In the RoTK movie Gandalf even says "Sauron will suspect a trap".Even if the thought of someone trying to destroy the ring doesn't ever cross Sauron's mind, there was no need to immediately respond to the challenge.Especially since this happened immediately after his defeat at Pelennor fields.There was no way the much smaller army of men could have defeated Mordor in open war.
In the movie as released in the theaters, if I'm remembering correctly, this is a huge unexplained element of the ending.
In the extended edition, we get a bit more explanation, in the form of an extra scene with Aragorn prior to the final battle. In this scene, while they are recovering from Pelennor Fields, Aragorn uses Minas Tirith's Palantir to challange Sauron, and shows him Anduril (the reformed Narsil)
The idea behind this scene is to do several things:
- Taunt Sauron with his recent defeat and threaten to continue beating Mordor's armies
- Remind Sauron of the last time he was defeated, at the hands of a Dunadan wielding Narsil, and that the descendant of that Dunadan wielding basically that same sword was coming after him again
- Convince Sauron that Aragorn had The One Ring.
The idea here is that, the last time Sauron definitively knew where the Ring was, Frodo had just used it at Amon Hen, while he was still in the company of the Fellowship. We can also assume that Saruman was keeping him appraised of the goings-on there, and that Aragorn was one of those people with Frodo. Given that the Ring was never used again, and that the few times the Orcs did capture a Hobbit they were ring-free, Sauron had no way of knowing if a "Baggins" still had it.
Of all of the people on Middle Earth at that time, only a handful of them would have been considered even remotely a threat to Sauron; of those, Sauron probably recognized that elves like Galadriel, or Maiar like Gandalf, would refuse to put on The Ring for fear of it's corruption. That left one person: Aragorn, descendant of Isildur, who might actually chance it.
To someone like Sauron, given that the Ring was a powerful weapon, he would assume they would give it to the most powerful person around, and that person would want to use it. So, it makes sense that he would buy that Aragorn had it. Indeed, to Sauron, the simple fact that Aragorn dared threaten him, knowing how powerful Sauron and his armies were, was likely more proof that he must have the Ring. So, Sauron sent his armies out on the premise that they would do one of two things:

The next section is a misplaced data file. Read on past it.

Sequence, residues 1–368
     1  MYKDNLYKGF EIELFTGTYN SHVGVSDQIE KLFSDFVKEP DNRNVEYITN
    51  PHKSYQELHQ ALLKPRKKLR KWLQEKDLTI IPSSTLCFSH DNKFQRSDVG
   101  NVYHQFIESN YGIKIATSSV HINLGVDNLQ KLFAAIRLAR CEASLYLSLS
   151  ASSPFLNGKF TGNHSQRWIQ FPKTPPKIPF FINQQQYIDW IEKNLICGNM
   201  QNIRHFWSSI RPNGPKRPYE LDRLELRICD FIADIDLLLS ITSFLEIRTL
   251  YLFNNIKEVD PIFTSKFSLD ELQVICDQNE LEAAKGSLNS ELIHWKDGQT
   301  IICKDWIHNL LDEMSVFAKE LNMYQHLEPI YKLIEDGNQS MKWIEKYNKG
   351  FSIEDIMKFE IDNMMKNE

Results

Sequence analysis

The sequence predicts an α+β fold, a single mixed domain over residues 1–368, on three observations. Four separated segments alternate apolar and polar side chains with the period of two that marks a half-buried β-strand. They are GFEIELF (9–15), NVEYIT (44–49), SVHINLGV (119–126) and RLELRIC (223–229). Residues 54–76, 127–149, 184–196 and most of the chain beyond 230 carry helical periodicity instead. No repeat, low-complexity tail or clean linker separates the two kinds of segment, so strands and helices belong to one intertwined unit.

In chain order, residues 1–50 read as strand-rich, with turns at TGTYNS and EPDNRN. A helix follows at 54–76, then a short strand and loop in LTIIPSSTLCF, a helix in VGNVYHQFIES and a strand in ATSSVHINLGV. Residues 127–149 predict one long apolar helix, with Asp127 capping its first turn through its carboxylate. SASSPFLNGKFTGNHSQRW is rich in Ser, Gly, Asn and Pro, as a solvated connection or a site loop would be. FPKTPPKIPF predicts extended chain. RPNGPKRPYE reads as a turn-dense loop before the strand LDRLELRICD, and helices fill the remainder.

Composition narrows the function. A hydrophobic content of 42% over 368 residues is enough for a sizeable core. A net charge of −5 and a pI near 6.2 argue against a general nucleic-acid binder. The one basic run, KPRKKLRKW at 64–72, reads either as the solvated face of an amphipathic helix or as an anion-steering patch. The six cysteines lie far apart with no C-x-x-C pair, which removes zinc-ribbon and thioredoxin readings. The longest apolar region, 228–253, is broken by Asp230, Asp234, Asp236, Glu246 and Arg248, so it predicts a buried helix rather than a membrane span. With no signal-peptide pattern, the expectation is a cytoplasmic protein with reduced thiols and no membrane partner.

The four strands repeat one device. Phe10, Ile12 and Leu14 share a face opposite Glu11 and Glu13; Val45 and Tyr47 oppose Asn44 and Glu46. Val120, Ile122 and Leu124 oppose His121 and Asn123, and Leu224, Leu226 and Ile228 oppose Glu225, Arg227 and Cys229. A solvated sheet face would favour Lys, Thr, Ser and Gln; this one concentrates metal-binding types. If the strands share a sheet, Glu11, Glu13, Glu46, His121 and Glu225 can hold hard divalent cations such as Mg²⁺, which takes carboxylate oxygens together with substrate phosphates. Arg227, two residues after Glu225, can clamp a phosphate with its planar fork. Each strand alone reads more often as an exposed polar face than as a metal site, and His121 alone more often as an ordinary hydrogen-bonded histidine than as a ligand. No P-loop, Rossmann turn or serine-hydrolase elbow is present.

- Capture Aragorn and get the Ring back, or
- Drive Aragorn to enough desperation to put the Ring on, whereby Sauron could try to influence him.
He didn't want to give the humans time to reconsider their plan, or come up with a better one, or risk letting them figure out a way to use the Ring against him. Plus, he's just greedy, and he wanted the Ring back. It was worth more to him then his entire army of Orcs and Uruks combined.
My main issue with the way this played out in the movies is that Sauron knew there was at least one Hobbit in Morder, and he knew that Hobbit had escaped. In the Extended Edition, the Mouth of Sauron taunts Aragorn with the mithril shirt Frodo was wearing. Sauron also presumably knew that, at least at some point, that a Hobbit was carrying the Ring around.
Thus, as much as Sauron might want to assume that Aragorn had it, and as much sense as that would make, I find it stretches credibility that he found a Hobbit loose deep inside Mordor, and it didn't set off immediate alarm bells to watch Mount Doom more closely.
However, credibility issues aside, that is the intended explanation for why Sauron was so willing to met Aragorn's challenge so quickly.
Based on the Peter Jackson movie commentary, Sauron's primary motivation for opening the Black Gates in the movie adaptation was that he received a personal challenge from Aragorn. In the extended cut, we see Aragorn using the Palantir to taunt Sauron, showing him Andúril reforged and demanding that he face him. It's worth noting that in the original cut, Sauron did indeed ride out to face Aragorn himself (in a one-on-one encounter) rather than just sending his troops.
Peter Jackson : "...this is how we originally conceived the sequence, which was to be challenging Sauron which is obviously... it's irrelevant...but more relevant to some degree to the fact that when we shot this we had already filmed Aragorn and Sauron actually fighting outside the Black Gates so this was the personal challenge that was going to bring Sauron to the Gate.
... it still works [in the theatrical cut] because he's basically challenging Sauron's armies to come out to meet them, which is fine.